Human ancestors could stand on two legs before they even descended from the trees

(ORDO NEWS) — Traditionally, scientists believe that our distant ancestors switched to a bipedal lifestyle when their forest habitats began to give way to open spaces.

However, observations of wild chimpanzees have shown that in order to stand on two legs, it is not necessary to descend from the trees.

For a long time, anthropologists believed that the need to move between separate patches of forest scattered across the open savanna contributed to the emergence of the habit of rising on two hind legs among our distant ancestors.

In tall grass, at the risk of becoming prey to predators, these ancient primates had to constantly look around and, in addition, not expose their backs to the scorching sun, which forced them to tear their forelimbs off the ground.

Some of our closest biological relatives still live in similar environments: for example, chimpanzees from the Issa Valley in western Tanzania inhabit small patches of forest punctuated by dry savannah.

And although these monkeys often rise on two legs, the researchers were surprised to find that most often they do this not at all on the ground.

To find out, scientists from the University of California (USA) analyzed about 2,850 videos of the locomotor behavior of 13 adult chimpanzees (six males and seven females), especially noting where the action took place – on the ground or in trees.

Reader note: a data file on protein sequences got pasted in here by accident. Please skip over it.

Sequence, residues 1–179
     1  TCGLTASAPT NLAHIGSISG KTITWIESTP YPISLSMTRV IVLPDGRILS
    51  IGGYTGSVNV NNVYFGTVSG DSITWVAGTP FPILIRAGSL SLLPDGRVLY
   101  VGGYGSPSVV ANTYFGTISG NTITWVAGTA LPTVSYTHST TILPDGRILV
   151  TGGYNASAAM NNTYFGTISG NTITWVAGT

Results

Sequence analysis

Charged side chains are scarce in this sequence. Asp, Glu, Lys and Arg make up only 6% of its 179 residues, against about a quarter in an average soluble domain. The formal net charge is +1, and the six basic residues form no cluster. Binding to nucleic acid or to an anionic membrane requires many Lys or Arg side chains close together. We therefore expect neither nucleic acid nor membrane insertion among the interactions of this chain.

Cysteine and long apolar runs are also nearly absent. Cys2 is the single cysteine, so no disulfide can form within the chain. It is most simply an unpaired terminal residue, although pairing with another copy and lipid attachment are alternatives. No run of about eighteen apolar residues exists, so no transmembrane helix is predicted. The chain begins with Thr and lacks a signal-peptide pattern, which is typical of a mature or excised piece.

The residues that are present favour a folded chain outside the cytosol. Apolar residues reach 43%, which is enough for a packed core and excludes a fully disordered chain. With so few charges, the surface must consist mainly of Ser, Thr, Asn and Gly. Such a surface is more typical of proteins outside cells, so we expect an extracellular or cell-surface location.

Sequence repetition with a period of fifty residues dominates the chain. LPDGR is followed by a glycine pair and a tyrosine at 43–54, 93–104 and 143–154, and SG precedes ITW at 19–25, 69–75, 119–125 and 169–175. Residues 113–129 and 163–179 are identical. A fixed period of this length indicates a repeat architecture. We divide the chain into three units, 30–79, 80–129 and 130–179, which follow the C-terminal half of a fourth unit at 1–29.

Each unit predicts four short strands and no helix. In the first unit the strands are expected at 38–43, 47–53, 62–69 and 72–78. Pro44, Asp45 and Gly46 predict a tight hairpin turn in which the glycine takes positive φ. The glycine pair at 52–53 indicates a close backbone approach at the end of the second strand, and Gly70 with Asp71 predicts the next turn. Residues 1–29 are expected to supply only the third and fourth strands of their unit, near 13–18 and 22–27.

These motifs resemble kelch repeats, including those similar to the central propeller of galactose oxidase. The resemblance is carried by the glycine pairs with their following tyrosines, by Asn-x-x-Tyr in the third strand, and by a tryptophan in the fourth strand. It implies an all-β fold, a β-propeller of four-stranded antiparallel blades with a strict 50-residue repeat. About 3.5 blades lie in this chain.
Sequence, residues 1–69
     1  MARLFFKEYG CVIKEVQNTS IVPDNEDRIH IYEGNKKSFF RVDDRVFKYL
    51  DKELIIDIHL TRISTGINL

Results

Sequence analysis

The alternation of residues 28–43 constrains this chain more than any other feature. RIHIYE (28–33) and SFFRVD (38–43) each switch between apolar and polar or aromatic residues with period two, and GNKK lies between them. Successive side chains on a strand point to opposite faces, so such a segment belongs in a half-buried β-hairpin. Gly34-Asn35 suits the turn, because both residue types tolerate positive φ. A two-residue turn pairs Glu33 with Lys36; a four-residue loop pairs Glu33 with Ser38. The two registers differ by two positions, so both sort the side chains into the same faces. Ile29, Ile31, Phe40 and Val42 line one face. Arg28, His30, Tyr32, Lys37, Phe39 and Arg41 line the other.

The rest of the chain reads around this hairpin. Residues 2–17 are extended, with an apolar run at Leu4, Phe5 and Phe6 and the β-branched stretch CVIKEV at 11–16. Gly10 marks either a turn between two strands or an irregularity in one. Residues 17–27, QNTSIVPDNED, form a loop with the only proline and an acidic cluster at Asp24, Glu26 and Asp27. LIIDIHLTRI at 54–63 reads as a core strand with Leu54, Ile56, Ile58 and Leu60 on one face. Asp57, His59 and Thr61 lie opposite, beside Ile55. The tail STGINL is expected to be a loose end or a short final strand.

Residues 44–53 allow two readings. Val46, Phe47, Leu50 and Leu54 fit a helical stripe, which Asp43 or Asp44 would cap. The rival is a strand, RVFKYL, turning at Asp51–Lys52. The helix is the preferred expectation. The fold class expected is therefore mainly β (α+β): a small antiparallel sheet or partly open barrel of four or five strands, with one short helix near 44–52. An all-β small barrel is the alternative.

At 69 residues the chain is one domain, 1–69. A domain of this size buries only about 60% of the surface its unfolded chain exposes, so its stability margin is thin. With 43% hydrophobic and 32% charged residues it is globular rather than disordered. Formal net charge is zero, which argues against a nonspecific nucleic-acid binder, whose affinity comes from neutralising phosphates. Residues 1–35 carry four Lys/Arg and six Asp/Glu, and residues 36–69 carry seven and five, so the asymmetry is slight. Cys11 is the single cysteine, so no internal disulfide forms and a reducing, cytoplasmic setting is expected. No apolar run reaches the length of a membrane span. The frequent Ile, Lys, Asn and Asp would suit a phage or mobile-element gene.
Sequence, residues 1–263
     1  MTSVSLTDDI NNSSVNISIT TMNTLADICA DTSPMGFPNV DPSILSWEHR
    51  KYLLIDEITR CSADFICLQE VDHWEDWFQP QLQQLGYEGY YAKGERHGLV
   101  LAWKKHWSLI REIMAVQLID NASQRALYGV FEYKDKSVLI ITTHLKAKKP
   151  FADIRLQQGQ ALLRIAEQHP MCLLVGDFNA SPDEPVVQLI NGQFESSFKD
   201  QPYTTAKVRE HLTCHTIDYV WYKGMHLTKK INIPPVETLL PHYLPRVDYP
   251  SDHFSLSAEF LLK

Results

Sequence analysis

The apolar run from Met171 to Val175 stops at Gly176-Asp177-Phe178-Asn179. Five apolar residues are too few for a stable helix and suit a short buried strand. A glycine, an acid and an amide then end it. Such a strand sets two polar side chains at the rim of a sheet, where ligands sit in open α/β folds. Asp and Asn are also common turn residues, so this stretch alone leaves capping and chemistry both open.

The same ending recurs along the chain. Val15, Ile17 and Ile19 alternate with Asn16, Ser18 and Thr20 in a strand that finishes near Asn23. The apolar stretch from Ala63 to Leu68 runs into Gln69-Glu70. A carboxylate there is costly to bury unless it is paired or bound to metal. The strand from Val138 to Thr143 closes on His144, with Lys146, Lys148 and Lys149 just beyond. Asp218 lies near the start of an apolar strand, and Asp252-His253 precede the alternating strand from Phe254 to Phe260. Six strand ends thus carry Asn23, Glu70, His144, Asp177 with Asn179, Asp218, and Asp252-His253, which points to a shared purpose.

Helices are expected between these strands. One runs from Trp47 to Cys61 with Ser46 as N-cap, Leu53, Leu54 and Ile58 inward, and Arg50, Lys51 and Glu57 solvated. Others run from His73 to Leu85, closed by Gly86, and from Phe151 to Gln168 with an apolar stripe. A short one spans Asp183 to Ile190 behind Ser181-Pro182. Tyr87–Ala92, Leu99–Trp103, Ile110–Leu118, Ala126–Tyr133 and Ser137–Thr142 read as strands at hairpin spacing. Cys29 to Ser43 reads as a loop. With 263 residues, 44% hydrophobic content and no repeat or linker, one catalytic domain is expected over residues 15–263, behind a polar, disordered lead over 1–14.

Although the researchers expected to see Tanzanian chimpanzees on the ground more often, they actually spent as much time in the trees as their relatives from other, more forested parts of Africa.

What’s more, the majority of bipedal walking about 85 percent was recorded in trees as monkeys walked along branches.

In other words, it is quite possible that it was not the drying up of the habitat and the replacement of forests by the savannah that forced human ancestors to become bipedal: they rose on both hind limbs, while still being a purely arboreal species.

Thus, one of the main characteristics of modern man – the ability to move on its hind limbs – most likely did not develop due to climate change, because chimpanzees in a similar habitat are in no hurry to descend from trees and successfully master bipedal walking, standing on branches.

Now scientists have to conduct additional observations of monkeys in different parts of the range to try to solve this evolutionary puzzle.

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